Low-Wage Jobs Are Hazardous

Workers in low-wage jobs are more likely to be exposed to injuries, environmental exposures, and other occupational hazards.

Workers in low-wage jobs are at greater risk of being exposed to workplace hazards and occupational risks.

These jobs are often referred to as the three Ds: Dirty, Dangerous, and Difficult. Low-wage jobs are disproportionately held by Black and Latinx workers. Undocumented workers are especially vulnerable to occupational risks because if they complain they could risk deportation. Some low-wage jobs expose workers to higher levels of chemicals, pollutants, and dangerous natural environments, which harm health. Black workers are more likely than White workers to hold jobs with occupational exposure to asbestos, silica, and workplace fumes resulting in a higher incidence of lung cancer among Black workers (Juon et al., 2021). Agriculture workers, most of whom are Latinx, and nearly half of whom are undocumented, are exposed to hazardous chemicals, including pesticides; air pollutants such as wildfire smoke, black carbon, particulate matter, carbon monoxide, nitrogen dioxide, sulfur dioxide, and diesel-related emissions; extreme heat from being outside all day; and biological threats such as endotoxins and mycotoxins (Castillo et al, 2021; Moyce, 2017).

Injuries and illness are common in low-wage jobs. Studies have found that low-wage jobs are associated with rates of injury or disease that are twice the national average (Steege et al., 2014). Within the service sector, workers in the hospitality industry, and housekeepers especially, experience the highest rate of injuries to muscles and bones due to cleaning tasks that require physical exertion, carrying loads, repetitive motions, and unnatural postures (i.e., crawling, stooping, crouching) (Buchanan et al., 2010). Latina housekeepers, in particular, experience higher rates of injury than other female housekeepers (Buchanan et al., 2010). According to one study, Latinx hotel workers expressed that employers did not prioritize employee health and would discriminate against Latinx workers by providing preferential treatment for White workers, thereby creating a culture that discouraged the reporting of safety risks (Romero et al., 2018). Another study of Latino workers in a meatpacking factory – work that produces injury through forceful exertion and repetitive motion – found that workers believed employers cared more about production than their health and safety (Ramos et al., 2020).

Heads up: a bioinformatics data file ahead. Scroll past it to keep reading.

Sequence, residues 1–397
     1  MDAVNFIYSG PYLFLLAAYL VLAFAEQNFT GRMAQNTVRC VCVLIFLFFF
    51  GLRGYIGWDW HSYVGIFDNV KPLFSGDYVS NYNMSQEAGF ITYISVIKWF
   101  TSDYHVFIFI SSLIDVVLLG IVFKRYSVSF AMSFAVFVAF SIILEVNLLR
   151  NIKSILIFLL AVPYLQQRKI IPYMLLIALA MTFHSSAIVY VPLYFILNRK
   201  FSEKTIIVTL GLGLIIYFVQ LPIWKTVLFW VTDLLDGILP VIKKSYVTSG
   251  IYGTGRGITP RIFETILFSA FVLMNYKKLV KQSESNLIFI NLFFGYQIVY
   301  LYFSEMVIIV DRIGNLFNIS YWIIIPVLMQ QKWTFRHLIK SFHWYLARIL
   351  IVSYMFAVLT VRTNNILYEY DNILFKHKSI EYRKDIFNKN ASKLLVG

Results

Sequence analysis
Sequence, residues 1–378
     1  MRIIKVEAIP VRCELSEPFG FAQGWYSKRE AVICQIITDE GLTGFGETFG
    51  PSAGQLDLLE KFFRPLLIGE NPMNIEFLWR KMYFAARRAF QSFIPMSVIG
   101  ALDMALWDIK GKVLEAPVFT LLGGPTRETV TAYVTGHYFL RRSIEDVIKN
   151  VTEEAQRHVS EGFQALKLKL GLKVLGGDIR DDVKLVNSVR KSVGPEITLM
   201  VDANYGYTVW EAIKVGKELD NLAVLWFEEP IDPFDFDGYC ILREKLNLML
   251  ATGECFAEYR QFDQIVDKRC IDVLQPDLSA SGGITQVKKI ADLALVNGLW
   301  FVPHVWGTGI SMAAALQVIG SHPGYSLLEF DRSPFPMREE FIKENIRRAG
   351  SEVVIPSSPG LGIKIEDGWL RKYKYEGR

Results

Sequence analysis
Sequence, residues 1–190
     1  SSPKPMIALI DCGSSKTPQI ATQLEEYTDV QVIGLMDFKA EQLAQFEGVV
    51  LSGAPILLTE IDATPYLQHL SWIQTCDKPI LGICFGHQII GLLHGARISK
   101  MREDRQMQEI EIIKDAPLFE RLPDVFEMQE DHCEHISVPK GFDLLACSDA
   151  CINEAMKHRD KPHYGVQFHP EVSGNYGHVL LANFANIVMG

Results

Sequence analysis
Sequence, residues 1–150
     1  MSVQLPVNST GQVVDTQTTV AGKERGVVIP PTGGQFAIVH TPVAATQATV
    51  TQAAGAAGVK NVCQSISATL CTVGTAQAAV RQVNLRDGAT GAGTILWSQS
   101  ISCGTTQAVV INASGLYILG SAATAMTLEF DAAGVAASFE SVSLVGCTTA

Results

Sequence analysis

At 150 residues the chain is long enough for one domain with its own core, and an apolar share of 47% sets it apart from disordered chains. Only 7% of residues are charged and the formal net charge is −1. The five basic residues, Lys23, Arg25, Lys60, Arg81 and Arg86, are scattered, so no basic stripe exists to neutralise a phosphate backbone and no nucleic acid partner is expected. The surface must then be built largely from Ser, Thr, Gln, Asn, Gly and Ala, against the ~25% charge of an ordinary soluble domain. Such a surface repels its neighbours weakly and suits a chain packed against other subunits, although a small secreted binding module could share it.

On average, about 5,000 preventable work-related deaths occur yearly (Boggess & Pompeii, 2020). The industries with the highest fatality rates are agriculture, forestry, and fishing; transportation and warehousing; and construction – industries with large proportions of Latinx and Black workers (“Number and rate of fatal work injuries,” n.d.). Among farmworkers, tractor overturns were the most common cause of death (Castillo et al., 2021). Heat-related mortality also occurs due to prolonged heat exposure, with undocumented Latino workers making up 20% of those who die (Castillo et al., 2021). After motor vehicle accidents (“Fatal occupational injuries by event,” n.d.), falls are the second leading cause of work-related fatalities. In 2019, the most commonly cited Occupational Safety and Health Administration (OSHA) violation was protection from falls within the construction industry, indicating that employers are putting workers’ lives at risk (“Commonly Used Statistics,” n.d.). Latino construction workers experience the highest rate of falls out of any racial/ethnic group (Socias-Morales et al., 2018).

During the COVID-19 pandemic, Black workers who make up a large proportion of essential workers – those working in occupations such as transportation and material moving, health care support, food preparation, serving, and personal care and service – have been exposed to greater risks of injury, illness, and death compared to White workers who were more likely to work at home (Rogers et al., 2020).

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